I live on the Isle of Skye, Scotland.
For a few months in the late 1970s I worked for a publishing company in Dundee, which was my first and last salaried job. After that I learned how to build boats and went on to earn my living for the best part of 20 years designing, building and repairing things: boats, furniture, houses, sheds, tools, vehicles, bridges, and the like.
More recently my working life has been spent helping people to get things done as well as possible, on time, within budget, for the minimum amount of fuss. Apart from the discipline of turning trees into boats, I am a generalist: someone who has learned a little bit about lots of different things. I’m useful to my clients because I’m curious about how things work and will ask questions until I find a plausible answer that can be applied to the job in hand.
The desire to find more elegant ways of doing things extends beyond my work into everyday life. This blog is a place to discuss how we manage the world around us and what we can do to make it work better.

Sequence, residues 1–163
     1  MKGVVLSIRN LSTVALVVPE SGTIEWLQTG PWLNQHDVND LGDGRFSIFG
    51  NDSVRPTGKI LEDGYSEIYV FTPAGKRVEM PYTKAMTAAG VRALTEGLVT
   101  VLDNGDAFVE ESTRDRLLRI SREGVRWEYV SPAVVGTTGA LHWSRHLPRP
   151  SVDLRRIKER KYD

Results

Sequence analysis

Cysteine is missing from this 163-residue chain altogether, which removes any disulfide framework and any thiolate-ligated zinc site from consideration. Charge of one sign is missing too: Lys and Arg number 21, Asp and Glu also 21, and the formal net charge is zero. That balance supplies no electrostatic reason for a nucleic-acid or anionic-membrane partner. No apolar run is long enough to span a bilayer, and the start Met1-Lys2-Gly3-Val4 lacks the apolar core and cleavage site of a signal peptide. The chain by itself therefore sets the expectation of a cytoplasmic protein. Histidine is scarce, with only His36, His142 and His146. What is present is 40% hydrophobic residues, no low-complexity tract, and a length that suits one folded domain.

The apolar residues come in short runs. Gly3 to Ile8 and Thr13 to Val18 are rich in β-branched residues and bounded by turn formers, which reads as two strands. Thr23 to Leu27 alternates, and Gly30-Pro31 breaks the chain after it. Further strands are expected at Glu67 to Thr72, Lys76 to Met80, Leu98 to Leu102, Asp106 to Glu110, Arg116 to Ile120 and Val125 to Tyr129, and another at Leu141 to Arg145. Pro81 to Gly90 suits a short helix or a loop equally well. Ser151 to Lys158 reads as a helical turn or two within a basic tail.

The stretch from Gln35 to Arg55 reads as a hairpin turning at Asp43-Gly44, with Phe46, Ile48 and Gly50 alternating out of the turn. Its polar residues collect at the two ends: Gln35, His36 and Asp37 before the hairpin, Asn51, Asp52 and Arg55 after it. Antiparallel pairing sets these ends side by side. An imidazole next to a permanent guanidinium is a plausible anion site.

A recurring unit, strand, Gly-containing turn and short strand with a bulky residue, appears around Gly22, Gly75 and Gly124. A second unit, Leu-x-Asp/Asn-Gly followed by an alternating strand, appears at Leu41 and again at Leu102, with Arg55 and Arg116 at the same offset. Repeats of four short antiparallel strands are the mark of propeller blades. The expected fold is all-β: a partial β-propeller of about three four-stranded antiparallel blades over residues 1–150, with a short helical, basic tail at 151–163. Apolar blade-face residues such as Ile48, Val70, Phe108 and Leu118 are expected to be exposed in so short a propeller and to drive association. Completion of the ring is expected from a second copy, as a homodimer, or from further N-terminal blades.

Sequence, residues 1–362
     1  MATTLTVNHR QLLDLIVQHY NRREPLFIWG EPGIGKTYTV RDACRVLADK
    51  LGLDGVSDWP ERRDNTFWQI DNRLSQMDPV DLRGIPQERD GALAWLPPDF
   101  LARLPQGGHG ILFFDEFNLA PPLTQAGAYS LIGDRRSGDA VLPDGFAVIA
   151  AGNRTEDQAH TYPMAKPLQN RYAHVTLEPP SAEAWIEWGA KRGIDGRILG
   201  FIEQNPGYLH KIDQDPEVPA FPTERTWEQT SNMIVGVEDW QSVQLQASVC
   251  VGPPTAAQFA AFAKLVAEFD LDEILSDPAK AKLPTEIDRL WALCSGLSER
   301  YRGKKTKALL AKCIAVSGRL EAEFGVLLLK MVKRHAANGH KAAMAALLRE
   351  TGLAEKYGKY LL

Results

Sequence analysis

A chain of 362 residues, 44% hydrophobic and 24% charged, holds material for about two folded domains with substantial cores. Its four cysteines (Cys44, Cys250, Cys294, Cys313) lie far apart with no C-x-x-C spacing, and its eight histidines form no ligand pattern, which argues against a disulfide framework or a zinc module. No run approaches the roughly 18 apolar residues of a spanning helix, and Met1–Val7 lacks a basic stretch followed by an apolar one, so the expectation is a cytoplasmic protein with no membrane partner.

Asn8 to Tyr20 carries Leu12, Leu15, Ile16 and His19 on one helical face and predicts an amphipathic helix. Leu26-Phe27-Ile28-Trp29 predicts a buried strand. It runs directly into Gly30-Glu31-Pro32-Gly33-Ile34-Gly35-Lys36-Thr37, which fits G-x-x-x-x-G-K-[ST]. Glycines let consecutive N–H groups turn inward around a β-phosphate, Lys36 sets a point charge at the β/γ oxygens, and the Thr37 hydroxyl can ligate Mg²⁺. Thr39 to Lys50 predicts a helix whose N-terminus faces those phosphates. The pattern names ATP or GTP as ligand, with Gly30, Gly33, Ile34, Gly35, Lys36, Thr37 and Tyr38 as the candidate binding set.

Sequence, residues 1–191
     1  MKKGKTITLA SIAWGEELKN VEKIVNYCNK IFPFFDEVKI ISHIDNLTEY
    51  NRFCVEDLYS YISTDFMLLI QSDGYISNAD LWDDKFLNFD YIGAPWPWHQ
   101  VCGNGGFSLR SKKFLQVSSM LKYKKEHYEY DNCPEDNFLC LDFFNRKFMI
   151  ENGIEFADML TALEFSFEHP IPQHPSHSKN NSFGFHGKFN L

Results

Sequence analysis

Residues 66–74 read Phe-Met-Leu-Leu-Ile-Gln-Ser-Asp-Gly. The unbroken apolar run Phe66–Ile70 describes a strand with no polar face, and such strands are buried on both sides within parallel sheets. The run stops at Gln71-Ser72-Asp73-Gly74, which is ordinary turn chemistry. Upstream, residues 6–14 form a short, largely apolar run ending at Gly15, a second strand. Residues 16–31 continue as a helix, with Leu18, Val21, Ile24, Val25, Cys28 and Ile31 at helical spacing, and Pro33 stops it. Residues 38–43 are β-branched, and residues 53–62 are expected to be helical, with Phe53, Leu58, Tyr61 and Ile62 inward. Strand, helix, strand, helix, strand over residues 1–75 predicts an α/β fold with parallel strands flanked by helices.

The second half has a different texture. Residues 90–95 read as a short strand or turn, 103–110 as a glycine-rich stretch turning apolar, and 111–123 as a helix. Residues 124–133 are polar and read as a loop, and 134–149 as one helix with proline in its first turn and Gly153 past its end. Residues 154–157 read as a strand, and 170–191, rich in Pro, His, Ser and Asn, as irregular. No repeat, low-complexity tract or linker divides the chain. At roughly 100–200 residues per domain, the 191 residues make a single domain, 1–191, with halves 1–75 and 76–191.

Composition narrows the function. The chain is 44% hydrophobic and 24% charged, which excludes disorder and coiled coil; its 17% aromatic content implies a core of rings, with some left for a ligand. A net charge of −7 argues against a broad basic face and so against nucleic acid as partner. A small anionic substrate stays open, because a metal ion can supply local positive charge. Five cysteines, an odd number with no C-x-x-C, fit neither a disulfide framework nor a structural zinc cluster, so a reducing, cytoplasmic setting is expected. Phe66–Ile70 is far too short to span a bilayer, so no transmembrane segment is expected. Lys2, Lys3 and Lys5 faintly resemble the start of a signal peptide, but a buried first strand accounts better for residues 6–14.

In 2010 the euro crisis was big news, the aftermath of the 2007/08 credit crunch was in full swing, and no-one appeared to have a clue what could be done to fix the mess that we were in. Having failed in the past to make any sense of conventional economics I decided to look at the problem from the perspective of money and credit, and learned some surprising things about how our economy really works. My research made me realise that our misuse of money is at the root of our economic woes and led me into writing a book about the subject, which is available from Amazon in paperback and eBook.